Thursday, 22 December 2016

Budapest: people and places

One full day in November didn't give me time to get to know many more places in this lively city than I've explored on two previous visits (also short), but I was pleased to be able to accommodate two familiar faces in the afternoon and evening: pictured above, our dear friend Ildikó Takács, whom we got to know while she was the superb Hungarian cultural counsellor here, and young Eszter Bránya, befriended when the Lambtons of Broughton and (for one year) of Kecskemét asked if we'd put her up while she auditioned for the Guildhall and the Royal College of Music. She got a place, but not the money to support it, so now she's playing and studying from 7am to 11am at the ferociously demanding Liszt Academy. Between them are new acquaintances at Müpa, the 2016 acronym for what was formerly known as the Palace of Arts, Marcell Németh and Müpa's CEO Csaba Káel in Csaba's splendid office.

Most of my time was devoted to Müpa, my host, though the fact that I spent so much time there on the morning following the big Eötvös event I've written up on The Arts Desk and went to a second wonderful concert there was entirely of my choosing, and I was delighted that I did. Essentially it was a case of up and down the Danube from near my quiet and comfortable hotel room above Kálvin tér (so called because of the Reformed Church and the statue of Calvin outside) to Müpa and back, plus a fascinating excursion to the Liszt Academy. Autumn still hung in air, and the cold weather was only to start as I left the following day.

Budapesters have the idea in their minds that Müpa is out on a limb. Certainly it's not ideal to come out from a concert and have to take the No. 2 tram back into town for a decent choice of bars or restaurants. But even if you don't hop on that very regular tram service, it's only 20 minutes' pleasant walk along the embankment. I discovered it more or less by accident because I hadn't realised that the tram stop nearest the hotel is underground and comes up here (tagging is ubiquitous, of course).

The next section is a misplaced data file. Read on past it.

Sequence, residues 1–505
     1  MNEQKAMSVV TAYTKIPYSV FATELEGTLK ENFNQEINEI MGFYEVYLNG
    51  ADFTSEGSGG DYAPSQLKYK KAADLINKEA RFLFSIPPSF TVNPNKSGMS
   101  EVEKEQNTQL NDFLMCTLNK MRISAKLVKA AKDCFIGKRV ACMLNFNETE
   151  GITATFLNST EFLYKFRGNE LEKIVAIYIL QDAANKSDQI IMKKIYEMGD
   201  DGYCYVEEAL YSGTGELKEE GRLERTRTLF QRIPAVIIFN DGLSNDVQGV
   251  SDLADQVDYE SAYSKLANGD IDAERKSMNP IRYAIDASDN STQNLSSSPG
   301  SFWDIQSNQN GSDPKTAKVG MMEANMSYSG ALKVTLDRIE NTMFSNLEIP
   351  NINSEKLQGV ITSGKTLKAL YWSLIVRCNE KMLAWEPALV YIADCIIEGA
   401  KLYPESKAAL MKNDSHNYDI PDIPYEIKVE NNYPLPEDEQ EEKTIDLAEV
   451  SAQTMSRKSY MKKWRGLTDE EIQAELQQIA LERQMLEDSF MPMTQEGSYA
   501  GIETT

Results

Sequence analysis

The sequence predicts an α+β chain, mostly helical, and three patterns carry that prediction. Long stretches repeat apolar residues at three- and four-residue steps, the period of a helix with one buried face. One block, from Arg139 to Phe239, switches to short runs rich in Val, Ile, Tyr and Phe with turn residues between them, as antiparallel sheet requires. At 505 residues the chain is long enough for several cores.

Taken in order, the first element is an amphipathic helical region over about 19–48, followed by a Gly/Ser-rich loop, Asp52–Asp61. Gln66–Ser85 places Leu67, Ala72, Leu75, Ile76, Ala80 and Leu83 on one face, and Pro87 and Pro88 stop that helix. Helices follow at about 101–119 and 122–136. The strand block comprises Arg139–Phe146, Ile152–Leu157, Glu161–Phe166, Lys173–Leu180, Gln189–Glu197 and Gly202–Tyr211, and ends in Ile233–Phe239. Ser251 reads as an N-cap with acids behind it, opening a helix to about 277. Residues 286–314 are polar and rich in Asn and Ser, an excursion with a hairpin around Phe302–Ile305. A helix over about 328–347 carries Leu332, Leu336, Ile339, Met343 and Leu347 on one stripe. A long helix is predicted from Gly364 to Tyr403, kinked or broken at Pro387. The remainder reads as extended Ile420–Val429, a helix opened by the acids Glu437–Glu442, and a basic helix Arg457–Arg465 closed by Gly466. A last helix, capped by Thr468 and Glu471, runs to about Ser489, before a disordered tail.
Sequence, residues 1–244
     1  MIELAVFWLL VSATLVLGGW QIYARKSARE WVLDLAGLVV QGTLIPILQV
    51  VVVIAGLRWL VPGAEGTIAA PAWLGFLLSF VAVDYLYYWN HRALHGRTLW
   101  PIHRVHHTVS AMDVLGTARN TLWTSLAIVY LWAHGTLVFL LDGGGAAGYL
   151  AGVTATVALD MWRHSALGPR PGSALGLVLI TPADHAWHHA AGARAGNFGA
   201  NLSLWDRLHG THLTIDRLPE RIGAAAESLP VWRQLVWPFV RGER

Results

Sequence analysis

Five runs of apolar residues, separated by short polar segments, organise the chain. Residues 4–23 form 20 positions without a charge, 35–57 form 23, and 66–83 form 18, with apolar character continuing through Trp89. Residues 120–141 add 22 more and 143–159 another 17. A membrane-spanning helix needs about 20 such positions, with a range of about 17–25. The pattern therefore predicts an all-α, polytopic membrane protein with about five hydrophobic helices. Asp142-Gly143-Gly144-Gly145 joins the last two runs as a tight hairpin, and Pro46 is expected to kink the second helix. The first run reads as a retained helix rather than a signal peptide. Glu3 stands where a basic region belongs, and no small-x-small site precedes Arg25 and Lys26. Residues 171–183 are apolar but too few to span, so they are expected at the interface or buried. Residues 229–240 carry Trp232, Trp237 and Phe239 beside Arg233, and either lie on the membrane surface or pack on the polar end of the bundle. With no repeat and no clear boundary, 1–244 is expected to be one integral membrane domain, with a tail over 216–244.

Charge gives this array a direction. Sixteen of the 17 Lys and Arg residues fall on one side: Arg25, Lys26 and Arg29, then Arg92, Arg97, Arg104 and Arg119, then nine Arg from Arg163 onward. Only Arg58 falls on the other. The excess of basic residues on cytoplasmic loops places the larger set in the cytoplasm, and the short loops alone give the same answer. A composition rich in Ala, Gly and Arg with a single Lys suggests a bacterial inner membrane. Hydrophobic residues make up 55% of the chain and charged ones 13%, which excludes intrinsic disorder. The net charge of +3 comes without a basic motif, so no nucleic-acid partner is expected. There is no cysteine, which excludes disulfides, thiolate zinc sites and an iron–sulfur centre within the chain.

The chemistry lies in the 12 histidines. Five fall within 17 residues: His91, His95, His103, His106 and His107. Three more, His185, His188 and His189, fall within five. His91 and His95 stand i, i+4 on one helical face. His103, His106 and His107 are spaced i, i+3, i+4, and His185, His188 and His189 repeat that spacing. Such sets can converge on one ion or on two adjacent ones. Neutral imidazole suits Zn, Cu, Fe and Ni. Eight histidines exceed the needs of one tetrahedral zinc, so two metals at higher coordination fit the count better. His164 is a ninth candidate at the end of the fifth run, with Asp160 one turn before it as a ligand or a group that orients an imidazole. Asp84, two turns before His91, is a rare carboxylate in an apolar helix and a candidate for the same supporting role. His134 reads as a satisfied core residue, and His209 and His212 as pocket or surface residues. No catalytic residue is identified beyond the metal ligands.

The walk takes you from the Szabadság (Liberation) Bridge, looking over to the Gellert Hotel where we stayed on the last trip - yes, the baths were wonderful -

 to the ugly but still rather striking Rákóczi Bridge, beyond which nature seems to stake its claim.

Street life was teeming. A roasted chestnut seller was setting up his stall

and tram stops were always heaving, however regular the service.

My interview with Csaba, whose office commands a good view over the Danube with the odd ziggurat built in the 1990s foregrounding,

 was followed by a tour of the building with Marcell. We strolled around the empty foyers,

saw the folk setting up the cimbalom exhibition in one of the many public auditoriums,

looked out on the skating rink (still not icy enough) and the three flags - Hungarian, EU and black for the recent death of national musical hero Zoltán Kocsis -

and then bumped into his old friend, another 'Zoli', percussionist Zoltán Rácz who was conducting that evening's performance. I've written a little about him and the splendid evening programme over on TAD, and hope he'll give us some lines on his memories of Kocsis, but here he is conjuring up the big tune of Rhapsody in Blue, played like the Ravel G major Concerto's slow movement from memory (bear in mind that the soloist was Louis Lortie, not Rácz).